How long do you think you'd last? It wouldn't be long. Think to all the times you hear- and you probably hear it about once or twice per winter- about someone, usually elderly, that died because the heating in their house failed. All that's needed to kill them is the cold. No wind, no snow, just the drop in temperature. Add in the wind and snow, and it's not hard to figure out what can happen to someone who has to spend their nights out in it, very possibly alone and at the mercy of whoever passes by. Maybe they're offered shelter. Maybe they're shooed away to go be cold somewhere else. Or maybe they're simply left to endure the continual dropping of their body temperature and, in turn, life expectancy.

Every night you have a roof over your head is a good one. In fact, as I note the wind continuing to make its presence known and felt outside in the early afternoon, so is every day. But there are some days and nights when you're happier to have it than others.

I'll close out by putting up a link for the National Coalition for the Homeless. Do with it what you will.

Sunday, January 1, 2012

Los Angeles Is Burning

Reminder, I am going to be in Los Angeles later this month, from the 25th to the 31st. Things are a tad eventful there at the moment. In Pasadena, there are Recall Walker petitions being circulated by visiting Wisconsin Badger fans. In Hollywood, everything's on fire; an arsonist or perhaps a group of arsonists have now set more of the city ablaze than at any time since the Rodney King riots. And in South LA, some guy fired a gun into the air to celebrate New Year's and the bullet crashed through someone's roof and hit another guy in the leg.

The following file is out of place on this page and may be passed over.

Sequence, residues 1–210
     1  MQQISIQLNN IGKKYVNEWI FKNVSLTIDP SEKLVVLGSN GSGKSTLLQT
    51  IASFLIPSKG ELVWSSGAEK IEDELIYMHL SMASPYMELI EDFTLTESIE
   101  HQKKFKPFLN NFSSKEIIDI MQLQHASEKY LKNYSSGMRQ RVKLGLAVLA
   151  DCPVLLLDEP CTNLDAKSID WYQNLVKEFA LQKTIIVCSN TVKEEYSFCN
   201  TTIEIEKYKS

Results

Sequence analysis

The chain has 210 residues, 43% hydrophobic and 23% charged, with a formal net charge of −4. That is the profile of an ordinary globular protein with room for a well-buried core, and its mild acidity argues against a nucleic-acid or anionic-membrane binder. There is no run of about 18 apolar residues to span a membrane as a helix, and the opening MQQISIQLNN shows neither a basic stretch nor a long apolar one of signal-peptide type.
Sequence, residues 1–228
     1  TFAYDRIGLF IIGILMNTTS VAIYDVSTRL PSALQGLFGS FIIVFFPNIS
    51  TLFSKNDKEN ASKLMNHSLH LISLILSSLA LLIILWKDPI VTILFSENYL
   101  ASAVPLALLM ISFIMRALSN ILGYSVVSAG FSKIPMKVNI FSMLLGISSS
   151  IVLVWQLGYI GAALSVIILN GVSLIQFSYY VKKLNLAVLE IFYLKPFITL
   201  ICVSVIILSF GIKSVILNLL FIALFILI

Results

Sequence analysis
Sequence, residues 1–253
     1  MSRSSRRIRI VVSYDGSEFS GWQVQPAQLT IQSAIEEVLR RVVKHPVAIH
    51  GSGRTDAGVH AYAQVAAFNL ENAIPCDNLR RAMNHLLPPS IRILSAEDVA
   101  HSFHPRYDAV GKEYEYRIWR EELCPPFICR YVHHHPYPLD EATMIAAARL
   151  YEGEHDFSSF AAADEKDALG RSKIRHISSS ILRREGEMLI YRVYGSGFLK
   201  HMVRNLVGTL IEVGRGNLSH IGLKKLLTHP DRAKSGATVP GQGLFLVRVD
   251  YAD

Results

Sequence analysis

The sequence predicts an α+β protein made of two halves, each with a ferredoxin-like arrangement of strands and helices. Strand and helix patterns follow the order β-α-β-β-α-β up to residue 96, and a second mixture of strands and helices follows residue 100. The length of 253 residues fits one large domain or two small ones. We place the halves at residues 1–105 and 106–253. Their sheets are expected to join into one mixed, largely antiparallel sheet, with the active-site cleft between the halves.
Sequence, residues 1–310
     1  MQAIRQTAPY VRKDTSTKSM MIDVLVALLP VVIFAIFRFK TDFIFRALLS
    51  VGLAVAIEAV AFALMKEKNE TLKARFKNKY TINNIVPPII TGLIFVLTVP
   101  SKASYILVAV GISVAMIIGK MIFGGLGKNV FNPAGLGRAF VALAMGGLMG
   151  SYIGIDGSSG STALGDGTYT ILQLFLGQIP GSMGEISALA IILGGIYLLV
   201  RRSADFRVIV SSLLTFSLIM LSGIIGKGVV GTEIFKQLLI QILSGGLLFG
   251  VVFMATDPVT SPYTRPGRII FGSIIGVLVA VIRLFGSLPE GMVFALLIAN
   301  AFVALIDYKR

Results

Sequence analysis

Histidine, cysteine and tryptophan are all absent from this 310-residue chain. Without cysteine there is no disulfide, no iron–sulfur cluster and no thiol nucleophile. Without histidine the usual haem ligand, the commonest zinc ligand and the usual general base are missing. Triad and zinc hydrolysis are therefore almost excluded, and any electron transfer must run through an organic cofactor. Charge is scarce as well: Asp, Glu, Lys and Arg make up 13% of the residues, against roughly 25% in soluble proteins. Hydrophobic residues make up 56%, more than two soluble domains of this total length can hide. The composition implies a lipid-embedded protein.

Meanwhile, a lot of laws take effect on January 1st; it's a convenient default date when something isn't supposed to take effect immediately, so when they don't, that's generally going to be the go-to date. Because clearly we're focusing on California today, here is a rundown of what takes effect today in California. Among the highlights (the full list is here in a PDF file):

*Californians can't carry handguns openly in public anymore.
*They can't buy alcohol at the self-checkout.
*You can't sell beer to which caffeine has been added as a separate ingredient, on the basis that that stuff will mess you up good.
*You can, however, inject fruits and veggies into the drink now.
*Health insurers have to cover autism.